Credit Unions: a lot done, more to do

With the publication of the first Administrative Sanctions enforcement case to be taken against a Credit Union in October 2015, it is clear that the regulation of this industry is high on the Central Bank’s agenda. The Central Bank’s Registrar of Credit Unions has voiced her concern over the slow pace of progress in achieving necessary transformation of the Credit Union business model, following the financial crisis. In Ms McKiernan’s words “it is fair to say that the picture is one of improvement in some areas and continuing concerns in others.” 

The Credit Union Restructuring Board (ReBo) was established by the Minister for Finance to facilitate and oversee the restructuring of Credit Unions in accordance with the provisions of the Credit Union Act 2012.

The guiding aims of ReBo’s mandate are:

a. the protection of credit union members’ savings;
b. the stability and viability of credit unions and the sector at large;
c. the preservation of the credit union identity and ethos; and
d. contributing to the development of a world class credit union sector in Ireland.

According to ReBo’s report in October 2015, it has assisted 74 individual credit unions in 36 completed re-structuring projects. In total 189 Credit Unions have engaged with ReBo at varying stages of the re-structuring process. That still leaves 181 Credit Unions that have not engaged with the services offered by ReBo. ReBo has announced that it will continue to accept re-structuring proposals until 31 March, 2016.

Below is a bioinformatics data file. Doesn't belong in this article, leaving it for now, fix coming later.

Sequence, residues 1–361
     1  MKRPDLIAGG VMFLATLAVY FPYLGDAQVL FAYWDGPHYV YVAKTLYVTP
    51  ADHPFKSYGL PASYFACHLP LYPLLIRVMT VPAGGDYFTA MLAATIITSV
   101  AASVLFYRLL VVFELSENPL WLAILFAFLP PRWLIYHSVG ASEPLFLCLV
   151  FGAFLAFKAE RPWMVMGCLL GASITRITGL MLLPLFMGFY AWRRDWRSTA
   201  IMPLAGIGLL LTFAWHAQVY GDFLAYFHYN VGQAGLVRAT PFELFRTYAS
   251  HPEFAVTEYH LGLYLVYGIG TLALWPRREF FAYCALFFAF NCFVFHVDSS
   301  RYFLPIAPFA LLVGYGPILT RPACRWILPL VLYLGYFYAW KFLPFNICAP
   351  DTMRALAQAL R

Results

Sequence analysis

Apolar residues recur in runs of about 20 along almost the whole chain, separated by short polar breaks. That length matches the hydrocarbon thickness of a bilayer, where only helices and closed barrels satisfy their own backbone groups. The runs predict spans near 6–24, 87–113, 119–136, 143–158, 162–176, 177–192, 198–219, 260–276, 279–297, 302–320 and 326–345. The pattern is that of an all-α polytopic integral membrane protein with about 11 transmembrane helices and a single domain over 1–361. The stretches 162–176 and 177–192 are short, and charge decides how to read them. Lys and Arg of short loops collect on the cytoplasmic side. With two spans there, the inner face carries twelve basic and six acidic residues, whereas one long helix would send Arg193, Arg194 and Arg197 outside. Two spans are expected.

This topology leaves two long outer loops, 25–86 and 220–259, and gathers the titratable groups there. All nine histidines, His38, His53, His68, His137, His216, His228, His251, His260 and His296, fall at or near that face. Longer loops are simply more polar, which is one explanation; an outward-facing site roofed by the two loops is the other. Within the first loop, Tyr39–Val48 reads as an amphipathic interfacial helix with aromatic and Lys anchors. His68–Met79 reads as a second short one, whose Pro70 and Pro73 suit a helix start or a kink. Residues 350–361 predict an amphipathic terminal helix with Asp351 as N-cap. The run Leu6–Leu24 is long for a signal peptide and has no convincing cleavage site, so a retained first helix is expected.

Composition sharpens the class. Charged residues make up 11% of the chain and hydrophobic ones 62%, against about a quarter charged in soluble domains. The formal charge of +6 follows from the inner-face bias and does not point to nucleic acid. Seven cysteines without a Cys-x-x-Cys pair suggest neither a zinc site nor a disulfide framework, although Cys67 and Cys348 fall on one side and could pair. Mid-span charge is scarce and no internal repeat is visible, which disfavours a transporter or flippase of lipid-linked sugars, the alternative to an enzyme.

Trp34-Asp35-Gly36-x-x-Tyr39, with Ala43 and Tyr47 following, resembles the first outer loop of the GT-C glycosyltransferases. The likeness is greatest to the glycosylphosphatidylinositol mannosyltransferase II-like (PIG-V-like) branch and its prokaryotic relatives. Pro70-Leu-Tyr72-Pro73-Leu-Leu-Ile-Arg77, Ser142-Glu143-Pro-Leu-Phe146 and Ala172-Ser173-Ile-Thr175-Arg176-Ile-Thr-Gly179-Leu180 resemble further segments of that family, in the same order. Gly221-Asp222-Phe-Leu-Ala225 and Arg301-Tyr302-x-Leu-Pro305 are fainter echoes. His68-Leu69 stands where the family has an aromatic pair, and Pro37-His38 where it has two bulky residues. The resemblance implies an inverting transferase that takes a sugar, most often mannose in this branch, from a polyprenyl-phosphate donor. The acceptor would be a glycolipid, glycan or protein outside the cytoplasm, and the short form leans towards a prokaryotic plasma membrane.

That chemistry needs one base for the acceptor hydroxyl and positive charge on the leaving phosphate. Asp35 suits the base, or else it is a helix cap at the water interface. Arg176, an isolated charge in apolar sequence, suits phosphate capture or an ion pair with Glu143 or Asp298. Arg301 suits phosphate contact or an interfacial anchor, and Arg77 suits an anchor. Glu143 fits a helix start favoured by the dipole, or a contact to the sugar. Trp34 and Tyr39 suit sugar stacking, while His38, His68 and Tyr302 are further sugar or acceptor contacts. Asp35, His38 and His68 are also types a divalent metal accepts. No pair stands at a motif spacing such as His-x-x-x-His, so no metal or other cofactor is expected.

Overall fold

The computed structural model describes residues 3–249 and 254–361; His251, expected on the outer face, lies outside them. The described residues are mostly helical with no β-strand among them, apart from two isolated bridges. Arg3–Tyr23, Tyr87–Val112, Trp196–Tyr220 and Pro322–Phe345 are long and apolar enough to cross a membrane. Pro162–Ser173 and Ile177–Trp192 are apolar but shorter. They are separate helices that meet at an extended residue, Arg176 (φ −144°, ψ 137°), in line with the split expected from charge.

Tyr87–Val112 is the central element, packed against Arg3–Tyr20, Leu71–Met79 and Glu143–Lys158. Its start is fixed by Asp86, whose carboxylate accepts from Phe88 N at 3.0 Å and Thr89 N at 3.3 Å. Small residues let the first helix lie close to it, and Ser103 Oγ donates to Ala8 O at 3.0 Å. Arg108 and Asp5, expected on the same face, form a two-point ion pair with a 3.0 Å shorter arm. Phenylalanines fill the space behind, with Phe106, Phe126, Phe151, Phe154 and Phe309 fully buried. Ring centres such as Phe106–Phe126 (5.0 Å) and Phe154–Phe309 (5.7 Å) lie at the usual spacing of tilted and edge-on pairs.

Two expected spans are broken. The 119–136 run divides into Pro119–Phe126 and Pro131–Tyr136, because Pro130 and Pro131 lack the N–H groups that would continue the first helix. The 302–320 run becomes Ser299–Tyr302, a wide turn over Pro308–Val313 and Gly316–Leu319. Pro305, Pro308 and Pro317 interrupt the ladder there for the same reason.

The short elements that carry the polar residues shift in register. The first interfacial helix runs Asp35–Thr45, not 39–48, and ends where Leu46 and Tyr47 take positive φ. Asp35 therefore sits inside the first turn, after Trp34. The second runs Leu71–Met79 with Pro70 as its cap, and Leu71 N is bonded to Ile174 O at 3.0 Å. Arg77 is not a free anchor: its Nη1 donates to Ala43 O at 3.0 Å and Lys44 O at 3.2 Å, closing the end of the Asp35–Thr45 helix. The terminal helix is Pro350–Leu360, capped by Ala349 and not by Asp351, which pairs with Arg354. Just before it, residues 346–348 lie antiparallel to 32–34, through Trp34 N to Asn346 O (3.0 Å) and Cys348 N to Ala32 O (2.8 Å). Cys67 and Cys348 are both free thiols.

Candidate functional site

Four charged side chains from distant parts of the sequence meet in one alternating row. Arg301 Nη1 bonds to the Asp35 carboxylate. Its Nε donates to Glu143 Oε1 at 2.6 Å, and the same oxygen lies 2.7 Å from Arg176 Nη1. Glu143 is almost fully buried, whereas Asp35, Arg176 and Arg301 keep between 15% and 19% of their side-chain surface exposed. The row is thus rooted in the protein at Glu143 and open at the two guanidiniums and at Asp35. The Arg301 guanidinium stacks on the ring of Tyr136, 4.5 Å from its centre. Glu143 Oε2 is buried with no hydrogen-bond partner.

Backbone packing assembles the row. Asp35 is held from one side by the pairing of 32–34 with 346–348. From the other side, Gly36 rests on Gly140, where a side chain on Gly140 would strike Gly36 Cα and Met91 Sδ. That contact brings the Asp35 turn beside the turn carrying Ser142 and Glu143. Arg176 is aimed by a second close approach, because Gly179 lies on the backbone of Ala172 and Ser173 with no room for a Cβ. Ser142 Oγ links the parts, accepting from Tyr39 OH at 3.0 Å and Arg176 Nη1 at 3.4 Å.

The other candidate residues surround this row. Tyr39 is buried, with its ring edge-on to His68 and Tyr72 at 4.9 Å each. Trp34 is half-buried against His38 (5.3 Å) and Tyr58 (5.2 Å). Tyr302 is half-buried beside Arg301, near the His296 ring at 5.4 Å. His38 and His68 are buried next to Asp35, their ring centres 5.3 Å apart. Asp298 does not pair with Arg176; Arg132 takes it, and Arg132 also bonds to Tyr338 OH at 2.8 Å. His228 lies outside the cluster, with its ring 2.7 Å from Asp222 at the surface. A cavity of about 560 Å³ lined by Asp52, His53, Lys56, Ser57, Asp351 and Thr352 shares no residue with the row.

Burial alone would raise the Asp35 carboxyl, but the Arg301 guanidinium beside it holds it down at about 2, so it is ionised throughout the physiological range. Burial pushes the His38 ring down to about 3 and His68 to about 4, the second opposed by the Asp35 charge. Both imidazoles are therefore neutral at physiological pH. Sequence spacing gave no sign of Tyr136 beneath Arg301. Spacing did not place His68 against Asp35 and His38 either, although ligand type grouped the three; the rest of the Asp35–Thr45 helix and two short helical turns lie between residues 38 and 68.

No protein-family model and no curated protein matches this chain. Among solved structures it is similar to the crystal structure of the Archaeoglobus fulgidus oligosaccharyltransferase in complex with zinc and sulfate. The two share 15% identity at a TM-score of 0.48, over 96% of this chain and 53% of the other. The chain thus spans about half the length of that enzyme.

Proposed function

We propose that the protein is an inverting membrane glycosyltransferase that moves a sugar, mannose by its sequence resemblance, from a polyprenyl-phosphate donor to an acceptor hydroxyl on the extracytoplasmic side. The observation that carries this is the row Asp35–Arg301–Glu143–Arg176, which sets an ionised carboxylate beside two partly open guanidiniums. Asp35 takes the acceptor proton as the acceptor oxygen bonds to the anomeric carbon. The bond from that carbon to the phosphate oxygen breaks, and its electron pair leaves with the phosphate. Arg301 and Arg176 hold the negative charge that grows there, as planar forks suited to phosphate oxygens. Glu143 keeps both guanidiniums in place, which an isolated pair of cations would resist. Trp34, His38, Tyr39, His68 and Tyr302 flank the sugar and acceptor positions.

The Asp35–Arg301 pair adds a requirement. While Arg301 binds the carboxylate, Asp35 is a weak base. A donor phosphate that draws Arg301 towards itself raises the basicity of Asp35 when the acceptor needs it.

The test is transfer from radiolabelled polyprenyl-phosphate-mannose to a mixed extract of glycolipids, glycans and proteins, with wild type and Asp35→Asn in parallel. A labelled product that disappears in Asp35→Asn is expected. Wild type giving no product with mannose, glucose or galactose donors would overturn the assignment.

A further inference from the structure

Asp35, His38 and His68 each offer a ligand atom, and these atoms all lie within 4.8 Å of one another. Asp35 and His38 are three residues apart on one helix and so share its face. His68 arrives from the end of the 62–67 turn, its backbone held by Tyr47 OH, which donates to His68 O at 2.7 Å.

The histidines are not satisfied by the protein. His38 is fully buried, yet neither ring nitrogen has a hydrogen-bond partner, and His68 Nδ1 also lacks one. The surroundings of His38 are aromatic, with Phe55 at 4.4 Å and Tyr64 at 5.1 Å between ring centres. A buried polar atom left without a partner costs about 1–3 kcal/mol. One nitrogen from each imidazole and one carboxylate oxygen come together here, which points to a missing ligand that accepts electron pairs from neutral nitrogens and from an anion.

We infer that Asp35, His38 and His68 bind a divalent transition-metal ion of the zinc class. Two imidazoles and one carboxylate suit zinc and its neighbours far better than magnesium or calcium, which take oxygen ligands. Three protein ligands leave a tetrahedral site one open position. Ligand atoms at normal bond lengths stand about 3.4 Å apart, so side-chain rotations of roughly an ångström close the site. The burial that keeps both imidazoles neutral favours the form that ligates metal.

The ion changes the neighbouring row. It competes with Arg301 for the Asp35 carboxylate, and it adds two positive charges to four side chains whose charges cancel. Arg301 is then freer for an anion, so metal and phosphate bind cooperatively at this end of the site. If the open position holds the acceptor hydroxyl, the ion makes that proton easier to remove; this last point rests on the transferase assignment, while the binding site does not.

While Ms McKiernan said that a lot of the mergers are still in the “bedding-phase”, the Central Bank is concerned about the lack of benefits which have been seen to date as a result of the re-structuring process. There is a lot done and more to do.

The Central Bank will continue in its supervisory function, taking enforcement action where necessary in the event of non-compliance by Credit Unions with the new regulatory regime. The Central Bank will continue to review business model viability in Credit Unions which includes financial resilience, governance, credit and market risk and certain operational risks. For those Credit Unions not currently engaged in the ReBo process, a short window of opportunity remains open.

Ogier Leman advises regulated entities on their obligations pursuant to the Central Bank’s Regulatory and Compliance codes. In particular we have experience in working with Credit Unions in corporate transactions, regulatory compliance and re-structuring.  Speak to our specialist financial services team to find out how we can help you.

Contact Ronan McGoldrick Dominic Conlon  or Laura Daly  for further information.

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